#babeswhohustle

“In the future, there will be no female leaders. There will just be leaders.” 
― Sheryl Sandberg

BABE #8: ELIZABETH VORHOLT<BR> Registered Nurse @ Vanderbilt Medical Center

BABE #8: ELIZABETH VORHOLT
Registered Nurse @ Vanderbilt Medical Center

I may or may not have met Elizabeth on Tumblr in the 10th grade, when I was very seriously into blogging (aka writing down my frustrations, opinions and thoughts in an attempt to figure out life, my beliefs, and also work through a lot of tough times as a teen.) We initially bonded over our favorite dance choreographer (shout out to Emily Shock) and over the years have stayed pretty updated with each other's lives; swapping ~boy stories~, music suggestions, dance videos and job updates in addition to a lot of melodramatic writing pieces. Even over the internet, I can tell how genuinely compassionate and well-liked she is, and I can't think of anyone who would make a better RN, let alone for the Burn Intensive Care Unit. Elizabeth works hard (and plays hard) and I'm incredibly lucky to know her. (P.S., I'm so glad Tumblr is behind us.)

The Basics:

Hometown: Louisville, Kentucky
Current city: Nashville, Tennessee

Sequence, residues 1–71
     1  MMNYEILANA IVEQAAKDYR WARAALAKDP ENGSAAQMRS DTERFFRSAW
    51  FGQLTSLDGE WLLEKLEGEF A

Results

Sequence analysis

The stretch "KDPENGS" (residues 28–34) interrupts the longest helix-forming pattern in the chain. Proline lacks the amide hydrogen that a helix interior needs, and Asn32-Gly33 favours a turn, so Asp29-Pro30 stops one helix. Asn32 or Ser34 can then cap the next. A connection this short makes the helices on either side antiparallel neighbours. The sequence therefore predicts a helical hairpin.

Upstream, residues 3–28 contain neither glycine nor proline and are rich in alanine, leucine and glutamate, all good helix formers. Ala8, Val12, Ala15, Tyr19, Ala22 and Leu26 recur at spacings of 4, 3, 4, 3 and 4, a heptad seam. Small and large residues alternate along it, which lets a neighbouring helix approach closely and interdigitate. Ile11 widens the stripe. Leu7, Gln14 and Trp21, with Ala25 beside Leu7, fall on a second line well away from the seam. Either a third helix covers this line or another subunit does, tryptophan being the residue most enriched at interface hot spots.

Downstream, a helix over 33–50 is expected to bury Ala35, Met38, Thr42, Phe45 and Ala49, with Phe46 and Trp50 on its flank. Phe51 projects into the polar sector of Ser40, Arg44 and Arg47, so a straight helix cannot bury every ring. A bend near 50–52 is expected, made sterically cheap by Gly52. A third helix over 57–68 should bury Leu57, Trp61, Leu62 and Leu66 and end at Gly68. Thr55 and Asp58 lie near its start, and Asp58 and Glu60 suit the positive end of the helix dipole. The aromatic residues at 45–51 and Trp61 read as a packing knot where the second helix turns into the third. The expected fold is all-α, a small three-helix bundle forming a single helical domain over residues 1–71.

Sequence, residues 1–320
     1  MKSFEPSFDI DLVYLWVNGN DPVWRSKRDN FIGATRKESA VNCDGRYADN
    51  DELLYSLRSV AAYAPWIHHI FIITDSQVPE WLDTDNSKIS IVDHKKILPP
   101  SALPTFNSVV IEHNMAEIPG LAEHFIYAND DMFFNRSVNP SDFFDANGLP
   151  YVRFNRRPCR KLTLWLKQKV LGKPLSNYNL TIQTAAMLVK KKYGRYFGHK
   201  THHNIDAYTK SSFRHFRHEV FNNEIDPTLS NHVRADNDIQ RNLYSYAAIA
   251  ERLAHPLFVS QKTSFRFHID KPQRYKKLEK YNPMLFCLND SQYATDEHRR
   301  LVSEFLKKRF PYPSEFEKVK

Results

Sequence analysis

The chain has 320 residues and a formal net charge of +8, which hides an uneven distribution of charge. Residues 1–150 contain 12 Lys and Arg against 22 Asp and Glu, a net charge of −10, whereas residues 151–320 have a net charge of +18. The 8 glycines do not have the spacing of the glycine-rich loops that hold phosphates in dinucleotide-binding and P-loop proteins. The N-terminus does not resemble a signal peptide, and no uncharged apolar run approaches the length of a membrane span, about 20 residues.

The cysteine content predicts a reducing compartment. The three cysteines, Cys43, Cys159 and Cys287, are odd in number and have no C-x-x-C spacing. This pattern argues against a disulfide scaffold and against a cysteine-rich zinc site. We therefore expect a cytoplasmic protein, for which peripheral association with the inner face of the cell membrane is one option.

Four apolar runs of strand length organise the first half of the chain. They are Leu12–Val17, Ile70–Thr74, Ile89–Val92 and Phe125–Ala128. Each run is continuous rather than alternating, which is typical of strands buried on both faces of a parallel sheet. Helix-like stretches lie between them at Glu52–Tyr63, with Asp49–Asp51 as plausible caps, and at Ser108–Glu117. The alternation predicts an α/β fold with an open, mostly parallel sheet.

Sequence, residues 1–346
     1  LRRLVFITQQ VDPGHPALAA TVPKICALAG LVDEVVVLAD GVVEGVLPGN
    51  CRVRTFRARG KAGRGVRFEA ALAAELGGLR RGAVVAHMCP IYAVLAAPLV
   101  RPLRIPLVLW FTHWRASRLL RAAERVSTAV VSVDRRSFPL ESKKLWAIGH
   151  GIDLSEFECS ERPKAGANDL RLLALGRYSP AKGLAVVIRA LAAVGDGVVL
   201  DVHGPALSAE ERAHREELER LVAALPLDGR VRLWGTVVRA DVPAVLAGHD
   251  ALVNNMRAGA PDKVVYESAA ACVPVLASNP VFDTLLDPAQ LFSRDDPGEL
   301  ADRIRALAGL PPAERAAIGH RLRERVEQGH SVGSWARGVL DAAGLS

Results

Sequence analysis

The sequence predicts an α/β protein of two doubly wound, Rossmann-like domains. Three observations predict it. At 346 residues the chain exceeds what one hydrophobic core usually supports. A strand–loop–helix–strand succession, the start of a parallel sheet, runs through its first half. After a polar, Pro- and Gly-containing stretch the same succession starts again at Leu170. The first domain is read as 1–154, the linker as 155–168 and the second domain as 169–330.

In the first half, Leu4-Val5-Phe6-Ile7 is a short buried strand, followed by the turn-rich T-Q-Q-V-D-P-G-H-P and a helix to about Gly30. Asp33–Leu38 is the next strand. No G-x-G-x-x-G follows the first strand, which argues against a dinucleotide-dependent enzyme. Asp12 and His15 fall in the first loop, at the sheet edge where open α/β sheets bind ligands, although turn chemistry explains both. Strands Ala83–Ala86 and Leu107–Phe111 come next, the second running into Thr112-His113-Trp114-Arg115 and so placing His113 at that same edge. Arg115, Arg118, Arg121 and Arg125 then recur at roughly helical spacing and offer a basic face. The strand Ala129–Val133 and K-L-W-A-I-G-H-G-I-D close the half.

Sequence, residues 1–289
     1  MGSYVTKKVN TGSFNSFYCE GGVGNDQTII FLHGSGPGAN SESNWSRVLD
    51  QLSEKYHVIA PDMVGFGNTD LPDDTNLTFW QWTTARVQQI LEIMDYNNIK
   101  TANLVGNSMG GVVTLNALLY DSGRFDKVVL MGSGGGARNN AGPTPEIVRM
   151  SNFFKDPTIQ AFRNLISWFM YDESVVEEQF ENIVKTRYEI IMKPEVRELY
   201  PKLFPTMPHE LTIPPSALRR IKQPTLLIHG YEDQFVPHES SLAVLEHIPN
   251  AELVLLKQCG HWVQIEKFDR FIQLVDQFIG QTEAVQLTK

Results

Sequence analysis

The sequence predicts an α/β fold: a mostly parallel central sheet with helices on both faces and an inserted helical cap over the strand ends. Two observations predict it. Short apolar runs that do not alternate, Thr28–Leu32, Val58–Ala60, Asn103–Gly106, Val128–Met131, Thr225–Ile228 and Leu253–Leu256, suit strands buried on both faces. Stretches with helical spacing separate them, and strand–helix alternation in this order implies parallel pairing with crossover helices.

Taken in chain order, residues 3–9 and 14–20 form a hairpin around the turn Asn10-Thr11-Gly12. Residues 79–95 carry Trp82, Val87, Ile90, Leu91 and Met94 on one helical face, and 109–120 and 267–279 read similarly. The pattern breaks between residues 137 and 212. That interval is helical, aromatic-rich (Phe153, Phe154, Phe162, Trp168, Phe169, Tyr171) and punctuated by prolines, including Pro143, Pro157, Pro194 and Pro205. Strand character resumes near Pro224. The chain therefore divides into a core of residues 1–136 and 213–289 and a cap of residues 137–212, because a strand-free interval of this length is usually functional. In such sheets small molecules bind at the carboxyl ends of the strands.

Alma mater: Belmont University
Degree: Bachelor of Science in Nursing
Job: Registered Nurse at Vanderbilt University Medical Center

The Interests: 

Babe you admire and why?
I attended an all girls Catholic high school (full of #BabesWhoHustle), and learned so much from my geometry teacher, Mrs. Clemons. She changed the way I think about math and so many other things. She empowered us to raise our hands, ask silly questions, and celebrate our successes, big and small. She gave so much love and encouragement to us as if we were her own, all while raising her four sons to be incredibly successful men. 

Go-to coffee order?
Fun fact - I'm 24 years old, work night shift at the hospital, and have never had a cup of coffee in my life. Not really for any particular reason, but I've come this far and it's my go-to "never have I ever," so I figure I can't start now.  (How the hell did you get through Nursing school?! That's what I wanna know.)

Favorite podcast?
I've recently gotten really into listening to podcasts during my workouts. They keep my mind stimulated while I get my cardio in. I love RadioLab Presents: More Perfect. Each podcast is about a monumental Supreme Court case. I find myself looking forward to working out because I can't wait to listen to the next episode.

Who is your biggest inspiration?
My little sister, without a doubt. She just graduated from Emory University with a degree in Neuroscience and Behavioral Biology, and is now pursuing her Master's degree in Bioethics during her gap year while applying to medical school. For as impressive as all these things sound on paper, she's even more interesting in person. She was diagnosed with Type 1 ("juvenile" or "insulin-dependent") diabetes on her first day of sixth grade, and has lived every day since juggling all the stressors and complexities of growing up in addition to managing this complicated disease. I have seen her set her mind to some really lofty goals, and she's achieved everything through dedication and hard work.

The Hustle: